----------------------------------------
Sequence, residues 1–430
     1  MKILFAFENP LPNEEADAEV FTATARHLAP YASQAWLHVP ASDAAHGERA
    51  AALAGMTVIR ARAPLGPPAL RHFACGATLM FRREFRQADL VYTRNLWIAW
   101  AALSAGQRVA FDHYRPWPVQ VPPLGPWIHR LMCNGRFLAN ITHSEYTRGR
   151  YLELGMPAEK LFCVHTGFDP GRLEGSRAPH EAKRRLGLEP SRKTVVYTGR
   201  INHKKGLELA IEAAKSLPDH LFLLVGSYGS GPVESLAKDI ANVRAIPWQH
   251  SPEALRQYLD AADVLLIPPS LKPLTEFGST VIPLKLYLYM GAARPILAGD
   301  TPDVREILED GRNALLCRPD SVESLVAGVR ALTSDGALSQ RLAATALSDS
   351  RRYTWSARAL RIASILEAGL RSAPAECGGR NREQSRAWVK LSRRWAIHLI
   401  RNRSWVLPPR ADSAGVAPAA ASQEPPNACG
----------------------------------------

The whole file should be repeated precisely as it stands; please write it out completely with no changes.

Sequence, residues 1–430
     1  MKILFAFENP LPNEEADAEV FTATARHLAP YASQAWLHVP ASDAAHGERA
    51  AALAGMTVIR ARAPLGPPAL RHFACGATLM FRREFRQADL VYTRNLWIAW
   101  AALSAGQRVA FDHYRPWPVQ VPPLGPWIHR LMCNGRFLAN ITHSEYTRGR
   151  YLELGMPAEK LFCVHTGFDP GRLEGSRAPH EAKRRLGLEP SRKTVVYTGR
   201  INHKKGLELA IEAAKSLPDH LFLLVGSYGS GPVESLAKDI ANVRAIPWQH
   251  SPEALRQYLD AADVLLIPPS LKPLTEFGST VIPLKLYLYM GAARPILAGD
   301  TPDVREILED GRNALLCRPD SVESLVAGVR ALTSDGALSQ RLAATALSDS
   351  RRYTWSARAL RIASILEAGL RSAPAECGGR NREQSRAWVK LSRRWAIHLI
   401  RNRSWVLPPR ADSAGVAPAA ASQEPPNACG